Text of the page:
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The number of women hired by Queensland Rail in its recruitment push is more than four times the rate in the current workforce, breaking down traditional barriers.
The organisation is hiring 120 new drivers after a shortage caused mass delays and cancellations in December.
One of the latest recruits is Alicia Constable, who is returning to the driver's seat after four years' maternity leave.
The former chemical engineer was outnumbered and discouraged in her previous work in the private sector, but is not intimidated in what still is a male-dominated classroom.
She said Queensland Rail's human resource guidelines are strict, preventing any intimidation.
"Gender has not been an issue," she said.
"It's good, it's not perfect.
"There is definitely no discrimination in the classroom. Everyone helps each other out."
The mother-of-three said the biggest challenge would be the shift work and juggling the work-life balance.
"When you have a job with so many hundreds of people's lives at sake, you cannot switch off, you cannot escape to the office to get away from the kids," she said.
More toilet breaks part of changesOnly 4 per cent of Queensland Rail's train drivers are women.
Once Ms Constable's class graduates, that will increase to 6 per cent, bringing it on par with New South Wales.
[color=#000000][size=1]PHOTO:[/size][/color] Ms McGovern says some commuters are shocked to see a woman at the helm. (ABC News: Kym Agius)
The organisation has introduced mentoring programs, more flexible work hours and showcases women on social media in non-traditional roles.
Queensland Rail human resources executive manager Nicholle Duce said they would not introduce a female quota, but were working to change the culture.
"I certainly think that perhaps people haven't seen role models in our organisation," she said.
[color=#000000][size=1]PHOTO:[/size][/color] Only 4 per cent of train drivers are women, soon increase to 6 per cent. (ABC News: Kym Agius)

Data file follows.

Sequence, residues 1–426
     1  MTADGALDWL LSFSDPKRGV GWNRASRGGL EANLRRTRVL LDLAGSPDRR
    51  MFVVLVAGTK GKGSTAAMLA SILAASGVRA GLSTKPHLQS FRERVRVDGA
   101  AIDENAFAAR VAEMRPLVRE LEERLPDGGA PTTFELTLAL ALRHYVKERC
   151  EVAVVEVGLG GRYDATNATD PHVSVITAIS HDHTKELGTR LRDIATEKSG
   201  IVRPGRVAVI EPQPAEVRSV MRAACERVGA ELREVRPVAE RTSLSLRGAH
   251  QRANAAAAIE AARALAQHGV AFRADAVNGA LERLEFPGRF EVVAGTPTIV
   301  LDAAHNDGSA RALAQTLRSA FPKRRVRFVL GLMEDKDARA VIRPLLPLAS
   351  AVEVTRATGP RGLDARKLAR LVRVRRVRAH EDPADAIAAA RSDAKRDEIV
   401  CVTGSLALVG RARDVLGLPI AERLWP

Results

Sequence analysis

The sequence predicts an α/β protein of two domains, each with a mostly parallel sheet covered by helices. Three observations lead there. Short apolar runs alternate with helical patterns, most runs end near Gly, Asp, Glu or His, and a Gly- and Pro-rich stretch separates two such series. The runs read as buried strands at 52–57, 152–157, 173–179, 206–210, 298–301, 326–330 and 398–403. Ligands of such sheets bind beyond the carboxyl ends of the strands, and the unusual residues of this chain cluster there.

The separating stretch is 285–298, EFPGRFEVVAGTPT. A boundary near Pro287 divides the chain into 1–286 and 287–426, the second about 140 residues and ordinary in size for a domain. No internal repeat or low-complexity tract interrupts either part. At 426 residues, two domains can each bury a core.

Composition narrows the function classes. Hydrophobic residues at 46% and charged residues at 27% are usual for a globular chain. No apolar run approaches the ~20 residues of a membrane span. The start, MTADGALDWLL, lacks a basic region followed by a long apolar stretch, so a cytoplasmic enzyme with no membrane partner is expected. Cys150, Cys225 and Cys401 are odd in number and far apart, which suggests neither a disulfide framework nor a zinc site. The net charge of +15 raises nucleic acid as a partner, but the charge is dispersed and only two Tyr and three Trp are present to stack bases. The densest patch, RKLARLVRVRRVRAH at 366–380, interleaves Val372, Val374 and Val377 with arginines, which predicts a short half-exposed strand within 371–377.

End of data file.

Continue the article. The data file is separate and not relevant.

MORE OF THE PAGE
Peita McGovern was a guard for six years before switching to train driving 15 months ago.
She said the simple things have made the job easier.
"Not to be rude, toilet breaks are longer," she said.
"Ipswich to Caboolture is a very long way when there isn't a toilet around."
[color=#000000][size=1]PHOTO:[/size][/color] Alicia Constable says the shift work will be the biggest struggle with three kids. (ABC News: Melanie Vujkovic)
She does gets stick from her male colleagues, but no more than she can give.
"It would certainly be good to have another mum to talk to," she said.
"I've had many a day where the public has gone 'oh it's a girl', and they are shocked to see a female driver or guard."
[color=#000000][size=1]PHOTO:[/size][/color] Ms McGovern and Glenn Robinson change shift at Eagle Junction station. (ABC News: Kym Agius)
Across the board, one in five Queensland Rail employees are women.
That is just better than the industry average.
Transport Minister Jackie Trad said the female new hires were proof traditional barriers were being broken down.
"Females are feeling more comfortable pursuing a rewarding career in a field that would once have been regarded as a man's world."
This article first appeared on www.abc.net.au
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